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One of the biggest issues digital nomads face is the topic of international health insurance. We’re all going to catch a bug now and then, and it always seems to happen at the worst time.

When you’ve quit the cushy office gig and left behind all the comforts it offered, certain issues jump out at you. What to do if I get sick on the road?

The first thing to note: the health insurance issue should not keep you from traveling. Especially if you are in good health now. For many working to transition into a location independent lifestyle, the idea of leaving their job and forfeiting the health insurance is often the biggest deterring factor.

I’ll admit, healthcare is one of the major gray areas in the digital nomad existence – especially for Americans. But there are affordable international health insurance options. In fact, it’s possible to get international health insurance for slightly over $100 per month in many cases.


Why international health insurance?

Many of us aren’t planning to be in a country long enough to be a resident and purchase health insurance. But we’re gone too long to maintain our coverage back home. Health insurance for digital nomads is important, particularly for those of us that love trying new adventures and eating local cuisines. Any Americans out there know how much of a headache the healthcare system in the US can be. It’s only more so if you’re calling on your healthcare provider to help you out from the other side of the world.


Luckily, when it comes to international health insurance, there are two very strong options to consider: Cigna Global Insurance and Integra Global.

I applied for a quote from both, and you can see the results of my research below. But first, let’s answer some common questions about international health insurance.


Can’t I just buy Travel Insurance and call it good?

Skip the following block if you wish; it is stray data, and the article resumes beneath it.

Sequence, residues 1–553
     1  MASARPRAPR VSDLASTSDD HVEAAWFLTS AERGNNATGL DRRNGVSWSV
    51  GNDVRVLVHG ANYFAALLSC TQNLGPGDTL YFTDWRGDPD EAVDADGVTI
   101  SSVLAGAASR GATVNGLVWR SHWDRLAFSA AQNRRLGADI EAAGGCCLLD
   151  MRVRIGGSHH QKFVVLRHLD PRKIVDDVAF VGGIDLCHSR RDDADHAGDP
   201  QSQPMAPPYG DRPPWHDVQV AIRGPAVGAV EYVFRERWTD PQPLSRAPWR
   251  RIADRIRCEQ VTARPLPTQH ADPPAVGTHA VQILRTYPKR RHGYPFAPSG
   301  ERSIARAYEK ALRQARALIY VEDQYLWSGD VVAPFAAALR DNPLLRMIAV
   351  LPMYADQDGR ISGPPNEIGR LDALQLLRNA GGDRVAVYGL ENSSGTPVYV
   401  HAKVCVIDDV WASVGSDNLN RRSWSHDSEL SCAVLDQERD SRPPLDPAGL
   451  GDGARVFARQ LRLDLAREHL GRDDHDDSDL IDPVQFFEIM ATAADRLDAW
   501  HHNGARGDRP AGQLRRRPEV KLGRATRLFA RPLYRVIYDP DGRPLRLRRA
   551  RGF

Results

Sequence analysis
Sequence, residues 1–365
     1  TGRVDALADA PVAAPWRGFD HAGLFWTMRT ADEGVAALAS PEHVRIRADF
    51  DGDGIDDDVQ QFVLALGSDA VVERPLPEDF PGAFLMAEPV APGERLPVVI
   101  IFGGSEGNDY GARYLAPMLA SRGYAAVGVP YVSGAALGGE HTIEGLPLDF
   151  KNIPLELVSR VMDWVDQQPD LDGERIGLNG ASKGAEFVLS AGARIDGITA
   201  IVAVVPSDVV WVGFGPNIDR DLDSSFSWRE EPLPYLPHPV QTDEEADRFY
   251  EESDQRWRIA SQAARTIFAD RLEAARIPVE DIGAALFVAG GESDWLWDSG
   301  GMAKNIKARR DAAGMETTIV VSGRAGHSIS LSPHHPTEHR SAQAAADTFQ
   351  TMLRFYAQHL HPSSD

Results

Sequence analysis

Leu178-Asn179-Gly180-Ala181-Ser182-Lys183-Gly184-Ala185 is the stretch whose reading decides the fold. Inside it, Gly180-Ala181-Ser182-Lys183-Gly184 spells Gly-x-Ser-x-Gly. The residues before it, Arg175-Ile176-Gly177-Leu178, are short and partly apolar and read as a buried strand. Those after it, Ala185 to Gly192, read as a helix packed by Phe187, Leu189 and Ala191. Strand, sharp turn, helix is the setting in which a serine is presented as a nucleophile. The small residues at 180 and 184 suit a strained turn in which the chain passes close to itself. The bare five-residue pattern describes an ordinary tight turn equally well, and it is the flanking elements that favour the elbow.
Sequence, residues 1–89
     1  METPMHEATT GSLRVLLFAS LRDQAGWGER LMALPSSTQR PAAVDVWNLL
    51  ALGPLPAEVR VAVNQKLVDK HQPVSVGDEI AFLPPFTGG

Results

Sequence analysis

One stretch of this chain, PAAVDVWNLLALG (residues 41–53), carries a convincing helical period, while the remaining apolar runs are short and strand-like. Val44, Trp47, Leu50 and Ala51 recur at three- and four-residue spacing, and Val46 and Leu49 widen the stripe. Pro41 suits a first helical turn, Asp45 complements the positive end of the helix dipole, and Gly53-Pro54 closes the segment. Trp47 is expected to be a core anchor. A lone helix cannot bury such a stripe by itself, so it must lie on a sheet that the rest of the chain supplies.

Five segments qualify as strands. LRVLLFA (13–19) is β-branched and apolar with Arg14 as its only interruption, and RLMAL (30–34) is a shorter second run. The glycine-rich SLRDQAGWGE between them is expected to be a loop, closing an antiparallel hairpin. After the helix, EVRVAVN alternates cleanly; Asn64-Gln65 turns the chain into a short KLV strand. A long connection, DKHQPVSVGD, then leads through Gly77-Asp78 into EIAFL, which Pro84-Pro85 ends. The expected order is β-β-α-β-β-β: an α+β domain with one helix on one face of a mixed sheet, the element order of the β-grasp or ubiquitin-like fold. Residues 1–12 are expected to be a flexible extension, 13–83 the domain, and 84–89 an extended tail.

I love World Nomads Travel Insurance and have used it for multiple continent-hopping trips over the years.

I can’t recommend it for longer than six months at a time, however. Travel insurance is just not built to be a person’s sole health plan. The idea of travel insurance is to protect you from added risks that you aren’t encountering back home.

It’s basically meant to fill in the gap between Point A (home life before the trip) and Point B (home life after the trip.) Despite it being affordable for shorter trips, that changes severely when you’re crossing borders regularly.

Digital nomads planning to be abroad for more than a few months at a time should not rely solely on travel insurance as their full-on health care provider.

Travel Insurance typically runs about 4-10% of the total cost of a trip, and this is where it gets tricky. Digital nomads seeking international health insurance aren’t really on a trip, per say, so in many cases, they’ll end up paying a different rate for each location visited.

One of the biggest concerns about travel insurance policies is that they want to know when you’re leaving and when you’re coming home. Plus, it costs a different amount of money to insure yourself for a trip to Bali as it does for a trip to Canada.

Additionally, while you may be able to get an emergency evacuation, a standard trip to the doctor or antibiotic may not be covered at all. Having only a travel insurance policy is certainly better than nothing. But if you can find a better option, like Integra Global or Cigna, it should be seriously considered.